PIA13505: Concentric Crater
Target Name: Moon
Is a satellite of: Earth
Mission: Lunar Reconnaissance Orbiter (LRO)
Spacecraft: Lunar Reconnaissance Orbiter (LRO)
Instrument: Lunar Reconnaissance Orbiter Camera (NAC)
Product Size: 1000 x 1000 pixels (width x height)
Produced By: Arizona State University
Other Information: More details and images at LROC
Full-Res TIFF: PIA13505.tif (1.001 MB)
Full-Res JPEG: PIA13505.jpg (141.1 kB)

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Original Caption Released with Image:

The inner rim of Gruithuisen K (35.4N, 317.3E) in LROC NAC frame M111877130L. Image width is 510 meters, or 1673 feet, north is up, and sunlight is from the lower right.

Impact craters affect the entire surface of the Moon, from micron-sized pits to multi-ringed impact basins. Lunar craters also have a wide array of morphologies. Generally, the size and the morphology of a crater depends on the size and velocity of the impacting bolide. Lunar scientists have used crater size and form to group lunar craters into three basic categories: simple craters, complex craters, and multi-ringed basins. Simple craters are circular, bowl-shaped, and usually less than 10-15 km in diameter. Complex craters are usually larger than 10-20 km in diameter and have a well-defined central peak. Complex craters also often have a rim with one or more terraces. The central peak is brought up from great depths beneath the crater as the ground elastically rebounds after the shock and pressure of the bolide impact. Multi-ringed basins are remnants of the largest impacts on the lunar surface and usually have more than one rim (such as the 1100 km diameter Imbrium Basin).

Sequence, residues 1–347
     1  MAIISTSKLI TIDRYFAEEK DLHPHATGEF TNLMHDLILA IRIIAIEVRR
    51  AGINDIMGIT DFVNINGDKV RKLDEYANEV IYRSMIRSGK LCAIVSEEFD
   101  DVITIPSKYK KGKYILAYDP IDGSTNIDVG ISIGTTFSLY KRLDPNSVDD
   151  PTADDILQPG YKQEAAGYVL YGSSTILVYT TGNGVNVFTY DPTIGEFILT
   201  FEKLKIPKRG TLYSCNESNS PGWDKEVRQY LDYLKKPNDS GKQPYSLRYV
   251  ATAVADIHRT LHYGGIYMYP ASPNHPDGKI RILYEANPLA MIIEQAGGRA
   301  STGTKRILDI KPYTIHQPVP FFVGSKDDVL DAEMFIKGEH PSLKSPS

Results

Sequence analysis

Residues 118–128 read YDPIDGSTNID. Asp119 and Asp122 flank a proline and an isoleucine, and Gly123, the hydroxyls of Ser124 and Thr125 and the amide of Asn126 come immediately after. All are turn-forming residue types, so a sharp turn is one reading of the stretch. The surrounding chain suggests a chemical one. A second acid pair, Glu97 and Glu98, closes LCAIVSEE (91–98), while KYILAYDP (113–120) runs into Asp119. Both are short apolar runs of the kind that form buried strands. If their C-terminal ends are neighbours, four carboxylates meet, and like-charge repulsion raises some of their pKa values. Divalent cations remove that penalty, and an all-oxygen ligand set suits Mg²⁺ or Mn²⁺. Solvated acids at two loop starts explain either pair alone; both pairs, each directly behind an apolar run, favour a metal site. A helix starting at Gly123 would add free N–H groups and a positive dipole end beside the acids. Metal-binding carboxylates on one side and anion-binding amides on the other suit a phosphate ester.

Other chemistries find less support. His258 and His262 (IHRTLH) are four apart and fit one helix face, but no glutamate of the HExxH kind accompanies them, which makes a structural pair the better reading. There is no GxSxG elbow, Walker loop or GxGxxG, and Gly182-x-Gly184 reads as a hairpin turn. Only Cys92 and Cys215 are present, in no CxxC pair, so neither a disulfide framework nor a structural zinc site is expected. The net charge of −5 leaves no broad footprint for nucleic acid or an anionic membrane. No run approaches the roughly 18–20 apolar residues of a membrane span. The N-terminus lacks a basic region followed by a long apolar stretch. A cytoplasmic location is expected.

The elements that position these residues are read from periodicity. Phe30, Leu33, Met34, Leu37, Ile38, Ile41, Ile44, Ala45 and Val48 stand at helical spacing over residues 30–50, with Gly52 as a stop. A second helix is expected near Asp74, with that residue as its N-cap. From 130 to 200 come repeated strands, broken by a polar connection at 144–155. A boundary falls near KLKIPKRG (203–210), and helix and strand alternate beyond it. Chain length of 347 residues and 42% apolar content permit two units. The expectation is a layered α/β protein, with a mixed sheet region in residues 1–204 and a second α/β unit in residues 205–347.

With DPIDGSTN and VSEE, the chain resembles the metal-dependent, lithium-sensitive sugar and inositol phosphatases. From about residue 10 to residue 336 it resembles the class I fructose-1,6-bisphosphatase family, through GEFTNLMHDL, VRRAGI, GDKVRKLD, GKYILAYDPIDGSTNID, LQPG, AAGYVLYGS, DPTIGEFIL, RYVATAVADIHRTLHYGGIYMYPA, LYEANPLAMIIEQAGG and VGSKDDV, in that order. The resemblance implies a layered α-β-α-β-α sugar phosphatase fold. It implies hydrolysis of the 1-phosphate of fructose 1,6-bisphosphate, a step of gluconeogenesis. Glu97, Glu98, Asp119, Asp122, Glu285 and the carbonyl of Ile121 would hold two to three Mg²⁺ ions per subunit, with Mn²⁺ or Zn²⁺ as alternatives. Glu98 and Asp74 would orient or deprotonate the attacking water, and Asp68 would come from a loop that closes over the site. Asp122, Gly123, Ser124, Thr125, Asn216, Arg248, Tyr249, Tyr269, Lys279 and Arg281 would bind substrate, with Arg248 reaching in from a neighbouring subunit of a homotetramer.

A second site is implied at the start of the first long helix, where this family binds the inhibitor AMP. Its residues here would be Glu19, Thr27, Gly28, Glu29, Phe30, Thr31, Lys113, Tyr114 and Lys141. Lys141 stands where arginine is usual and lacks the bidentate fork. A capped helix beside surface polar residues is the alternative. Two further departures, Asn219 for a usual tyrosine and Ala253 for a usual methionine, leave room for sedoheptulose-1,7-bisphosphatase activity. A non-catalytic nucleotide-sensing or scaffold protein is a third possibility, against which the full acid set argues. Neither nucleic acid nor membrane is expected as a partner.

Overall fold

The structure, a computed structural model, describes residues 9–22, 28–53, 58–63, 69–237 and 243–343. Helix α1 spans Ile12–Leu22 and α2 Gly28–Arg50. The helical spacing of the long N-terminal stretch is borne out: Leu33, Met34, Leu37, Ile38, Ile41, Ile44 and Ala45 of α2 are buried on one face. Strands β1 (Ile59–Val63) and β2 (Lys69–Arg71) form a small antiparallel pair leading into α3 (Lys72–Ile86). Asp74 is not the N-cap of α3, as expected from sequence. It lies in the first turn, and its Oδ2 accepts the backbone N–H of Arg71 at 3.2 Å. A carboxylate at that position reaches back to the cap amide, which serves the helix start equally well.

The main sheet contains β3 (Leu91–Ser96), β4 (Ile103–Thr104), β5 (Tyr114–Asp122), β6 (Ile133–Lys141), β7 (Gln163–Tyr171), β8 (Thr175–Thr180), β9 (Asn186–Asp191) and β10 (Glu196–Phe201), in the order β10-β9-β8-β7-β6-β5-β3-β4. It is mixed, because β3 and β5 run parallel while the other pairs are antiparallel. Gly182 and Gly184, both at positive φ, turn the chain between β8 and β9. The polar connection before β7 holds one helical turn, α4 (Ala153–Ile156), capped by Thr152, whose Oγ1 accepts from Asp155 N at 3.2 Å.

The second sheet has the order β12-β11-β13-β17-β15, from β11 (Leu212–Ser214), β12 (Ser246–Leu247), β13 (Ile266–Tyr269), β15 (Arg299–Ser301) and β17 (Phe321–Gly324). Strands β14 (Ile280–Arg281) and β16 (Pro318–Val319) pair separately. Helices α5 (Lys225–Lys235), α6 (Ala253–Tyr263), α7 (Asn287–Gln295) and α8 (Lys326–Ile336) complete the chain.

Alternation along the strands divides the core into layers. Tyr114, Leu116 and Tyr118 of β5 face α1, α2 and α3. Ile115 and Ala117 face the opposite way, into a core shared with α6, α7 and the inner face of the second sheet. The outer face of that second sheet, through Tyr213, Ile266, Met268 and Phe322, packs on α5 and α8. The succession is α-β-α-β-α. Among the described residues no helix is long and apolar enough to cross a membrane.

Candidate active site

NASA's Goddard Space Flight Center built and manages the mission for the Exploration Systems Mission Directorate at NASA Headquarters in Washington. The Lunar Reconnaissance Orbiter Camera was designed to acquire data for landing site certification and to conduct polar illumination studies and global mapping. Operated by Arizona State University, LROC consists of a pair of narrow-angle cameras (NAC) and a single wide-angle camera (WAC). The mission is expected to return over 70 terabytes of image data.

Image Credit:
NASA/GSFC/Arizona State University

Image Addition Date:
2010-08-04